E-Commerce

Intrade's New Gamble Is Sports Betting


Intrade's New Gamble Is Sports Betting

Photograph by Harry How/Getty Images

Intrade was riding high in November 2012, as its user base correctly predicted the presidential vote in every state but Florida. Less than three weeks later, it fell off a cliff. The U.S. Commodity Futures Trading Commission sued the company, claiming that its exchange illegally enabled speculation on the value of gold and currencies and on the probability of acts of war. Intrade’s legal problems quickly drove away users fearful of being dragged into the proceedings; within months the company could no longer cover its remaining customers’ deposits. It shut down in March 2013.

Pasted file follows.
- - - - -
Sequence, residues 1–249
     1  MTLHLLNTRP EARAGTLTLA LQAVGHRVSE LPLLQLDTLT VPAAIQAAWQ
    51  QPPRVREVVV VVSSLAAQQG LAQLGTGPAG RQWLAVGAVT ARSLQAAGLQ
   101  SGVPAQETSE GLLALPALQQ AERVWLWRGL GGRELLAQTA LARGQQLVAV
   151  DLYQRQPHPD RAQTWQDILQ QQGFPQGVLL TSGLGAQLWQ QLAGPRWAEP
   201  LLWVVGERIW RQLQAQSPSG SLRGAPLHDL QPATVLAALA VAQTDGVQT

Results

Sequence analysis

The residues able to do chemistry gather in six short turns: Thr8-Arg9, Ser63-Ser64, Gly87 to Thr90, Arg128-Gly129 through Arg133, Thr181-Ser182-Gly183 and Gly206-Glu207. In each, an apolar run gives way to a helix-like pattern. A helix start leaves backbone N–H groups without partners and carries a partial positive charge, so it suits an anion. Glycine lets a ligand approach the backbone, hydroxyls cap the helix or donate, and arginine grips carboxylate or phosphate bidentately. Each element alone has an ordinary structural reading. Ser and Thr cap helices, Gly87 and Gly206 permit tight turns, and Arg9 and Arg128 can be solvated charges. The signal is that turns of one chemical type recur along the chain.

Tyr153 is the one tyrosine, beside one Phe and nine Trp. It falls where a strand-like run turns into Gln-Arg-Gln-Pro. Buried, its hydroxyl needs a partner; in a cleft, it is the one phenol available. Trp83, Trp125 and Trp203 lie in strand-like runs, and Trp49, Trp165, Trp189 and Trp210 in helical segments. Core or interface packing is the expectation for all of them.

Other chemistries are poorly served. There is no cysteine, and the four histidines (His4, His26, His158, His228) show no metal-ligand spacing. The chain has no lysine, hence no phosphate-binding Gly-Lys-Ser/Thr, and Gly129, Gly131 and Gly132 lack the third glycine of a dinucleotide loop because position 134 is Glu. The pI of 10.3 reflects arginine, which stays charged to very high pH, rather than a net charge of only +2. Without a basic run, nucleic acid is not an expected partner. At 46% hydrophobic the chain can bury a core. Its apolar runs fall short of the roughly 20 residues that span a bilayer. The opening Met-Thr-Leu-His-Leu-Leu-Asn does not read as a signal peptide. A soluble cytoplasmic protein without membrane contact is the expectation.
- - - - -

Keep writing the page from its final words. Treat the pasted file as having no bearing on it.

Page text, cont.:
A year later, co-founder Ron Bernstein is putting the Intrade shingle back up. The lettering is different, though; in lieu of the political betting that made it famous, Bernstein is restructuring his efforts around a company called Tradesports that allows speculators to buy and sell positions on sporting events. The company is starting a private test period for the site on Monday and plans to make it publicly accessible soon. “Sports are always going to be the best laboratory for prediction markets,” he says. “All those things now are just recorded and data-mined and discussed.”